There’s a Fat Lady

Fat woman in a bikiniThis morning in the grocery store I heard a little voice say, “Daddy, there’s a fat lady.”  I turned around and saw a cute little girl, about 3 or 4 years old, shopping with her father, who was looking mortified.  I said, “Yes, I’m a fat lady” and went back to putting my stuff on the register belt.  I admit that I was cranky but not overly preoccupied with the exchange.

On the way out to the car, the same father and daughter were pulling out of their space as I got closer.  He rolled down the window (okay, he pushed a button and it went down magically) and said that his daughter wanted to apologize to me, which she did.  Made me wonder about the conversation they had after our in-store exchange.

I looked in and told her, “Thanks, sweetie.  People come in all different shapes and sizes.  You are a short size and I am a round size.”  She looked thoughtful and then smiled.  I felt a lot better going back to my car.

Kids notice sizes and shapes and differences.  At that young age, they usually don’t see or speak in a judging way.  She saw a fat lady and told her dad.  Her dad knew the emotional charge that went with those words and I was pleased that he didn’t just let it go.  (We know it was his idea that she apologize to me, not hers.)  I hope my response gave them both a different perspective.

Fat ladies really are a different shape and size.  We’re not better or worse, weird or undisciplined, prettier or uglier.  We’re just rounder.  Looking at myself with the objectivity of a 3 year old lets me say that yes, I’m the fat lady, without the pain that comes with it when I say it about myself.

6 thoughts on “There’s a Fat Lady

  1. As much as their honesty can be no fun, sometimes I wish we all saw things the way that kids do — just noticing, not judging. The judging comes later.

    I admire you for handling the whole thing so well, Anne, in a way that didn’t unnecessarily hurt you or the little girl.

  2. That is an excellent entry + I really like the way you replied to the little girl.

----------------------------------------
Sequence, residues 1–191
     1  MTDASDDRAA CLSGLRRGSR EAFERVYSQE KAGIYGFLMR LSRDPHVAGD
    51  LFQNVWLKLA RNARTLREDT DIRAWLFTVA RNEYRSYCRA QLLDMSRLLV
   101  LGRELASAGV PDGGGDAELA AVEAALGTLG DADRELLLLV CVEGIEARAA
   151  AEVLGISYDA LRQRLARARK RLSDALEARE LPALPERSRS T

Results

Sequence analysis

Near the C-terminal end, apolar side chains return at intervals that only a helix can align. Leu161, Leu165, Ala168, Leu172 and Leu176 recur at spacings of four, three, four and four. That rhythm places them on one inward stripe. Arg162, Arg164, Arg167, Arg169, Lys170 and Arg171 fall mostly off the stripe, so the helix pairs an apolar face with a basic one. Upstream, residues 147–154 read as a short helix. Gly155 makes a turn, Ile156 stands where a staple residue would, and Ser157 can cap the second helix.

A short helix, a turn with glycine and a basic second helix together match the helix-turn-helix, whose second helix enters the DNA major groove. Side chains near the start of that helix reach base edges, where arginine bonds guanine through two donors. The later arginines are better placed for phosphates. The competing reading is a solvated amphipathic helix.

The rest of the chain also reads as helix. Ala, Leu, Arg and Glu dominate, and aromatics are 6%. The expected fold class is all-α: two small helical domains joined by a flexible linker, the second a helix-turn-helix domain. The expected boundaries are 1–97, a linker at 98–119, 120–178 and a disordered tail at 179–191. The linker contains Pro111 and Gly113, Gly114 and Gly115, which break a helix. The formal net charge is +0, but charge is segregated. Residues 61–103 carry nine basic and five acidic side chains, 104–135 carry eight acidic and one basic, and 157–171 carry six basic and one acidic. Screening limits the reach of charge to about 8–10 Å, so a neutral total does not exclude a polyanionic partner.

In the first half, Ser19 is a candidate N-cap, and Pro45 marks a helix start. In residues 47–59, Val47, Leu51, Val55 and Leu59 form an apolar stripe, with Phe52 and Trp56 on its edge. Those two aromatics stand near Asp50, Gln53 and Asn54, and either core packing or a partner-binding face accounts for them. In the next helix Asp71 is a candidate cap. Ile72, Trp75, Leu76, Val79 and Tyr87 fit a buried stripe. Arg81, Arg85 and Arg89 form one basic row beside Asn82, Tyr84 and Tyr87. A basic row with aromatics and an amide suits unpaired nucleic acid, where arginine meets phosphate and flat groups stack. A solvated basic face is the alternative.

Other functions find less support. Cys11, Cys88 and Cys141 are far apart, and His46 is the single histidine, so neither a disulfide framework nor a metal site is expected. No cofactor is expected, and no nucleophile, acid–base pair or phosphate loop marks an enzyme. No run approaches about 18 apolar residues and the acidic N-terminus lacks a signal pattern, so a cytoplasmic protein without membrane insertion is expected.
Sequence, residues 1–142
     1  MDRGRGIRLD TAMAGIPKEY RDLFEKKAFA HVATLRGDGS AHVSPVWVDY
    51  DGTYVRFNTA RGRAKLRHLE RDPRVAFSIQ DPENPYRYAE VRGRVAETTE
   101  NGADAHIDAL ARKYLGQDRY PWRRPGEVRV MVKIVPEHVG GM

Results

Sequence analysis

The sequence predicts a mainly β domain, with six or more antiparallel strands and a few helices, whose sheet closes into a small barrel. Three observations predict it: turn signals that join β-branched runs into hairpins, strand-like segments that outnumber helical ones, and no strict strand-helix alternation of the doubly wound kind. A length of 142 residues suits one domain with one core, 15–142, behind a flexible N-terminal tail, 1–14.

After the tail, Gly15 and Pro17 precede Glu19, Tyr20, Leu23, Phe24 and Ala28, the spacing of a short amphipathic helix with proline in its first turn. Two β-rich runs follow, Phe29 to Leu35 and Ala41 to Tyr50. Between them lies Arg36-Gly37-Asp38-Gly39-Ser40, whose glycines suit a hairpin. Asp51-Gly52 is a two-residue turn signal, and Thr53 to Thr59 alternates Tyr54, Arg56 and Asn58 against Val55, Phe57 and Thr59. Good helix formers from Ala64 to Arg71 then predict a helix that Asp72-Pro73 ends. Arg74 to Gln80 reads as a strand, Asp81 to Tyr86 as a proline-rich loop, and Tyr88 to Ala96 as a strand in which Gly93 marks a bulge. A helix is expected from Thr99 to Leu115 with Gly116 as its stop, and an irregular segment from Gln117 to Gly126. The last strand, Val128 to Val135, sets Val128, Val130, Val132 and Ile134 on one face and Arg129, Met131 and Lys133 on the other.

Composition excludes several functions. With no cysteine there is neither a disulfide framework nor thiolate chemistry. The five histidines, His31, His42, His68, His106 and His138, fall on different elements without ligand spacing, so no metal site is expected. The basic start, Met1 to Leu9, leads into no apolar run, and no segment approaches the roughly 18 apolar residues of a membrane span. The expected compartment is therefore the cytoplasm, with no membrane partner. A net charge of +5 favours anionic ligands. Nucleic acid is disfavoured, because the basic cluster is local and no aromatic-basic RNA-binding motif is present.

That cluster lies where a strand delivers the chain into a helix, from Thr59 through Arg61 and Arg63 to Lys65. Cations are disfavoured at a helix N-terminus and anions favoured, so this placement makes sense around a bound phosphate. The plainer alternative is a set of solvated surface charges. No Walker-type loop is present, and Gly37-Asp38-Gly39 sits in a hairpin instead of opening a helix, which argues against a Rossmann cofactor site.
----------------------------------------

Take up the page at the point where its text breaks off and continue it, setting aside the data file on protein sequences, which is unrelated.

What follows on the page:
I’m not sure whether I was so non-judgmental as a child, I have some slightly embarrassing memories of gauche observations, but I think they stem from a slightly older age (approx 8). I don’t remember things I said at 3 or 4.

  3. I, too, like the way you handled it — & giving her a little taste of her own medicine in the nicest way possible.

    I remember being very very young & taking the train from Missoula to Portland, OR. I was fascinated by the porter — Missoula is pretty lily white. To the rumble of the train on the tracks I chanted, “Chocolate man, chocolate man, chocolate man…” He finally told me to shut up — somewhat more mortifyingly than you handled it.

    I feel like a big rectangle rather than round. I wonder what basic geometrics people see them selves in.

  4. You really handled it very well and you treated that little girl with a lot of dignity. I like that the dad stepped up and said something.

    I’m glad you didn’t let it mess up your day or get you too upset.

    Kudos!

  5. I enjoyed this story and am glad you handled the situation the way you did. And, when you start to be judgmental about yourself, try to see yourself from her eyes. You’re a beautiful person who happens to be round. :-)

  6. Great post, great story and thank you for sharing it. you did the father and daughter a huge favor by handling it the way you did, with grace. You didn’t owe them.

    Best,
    Annie

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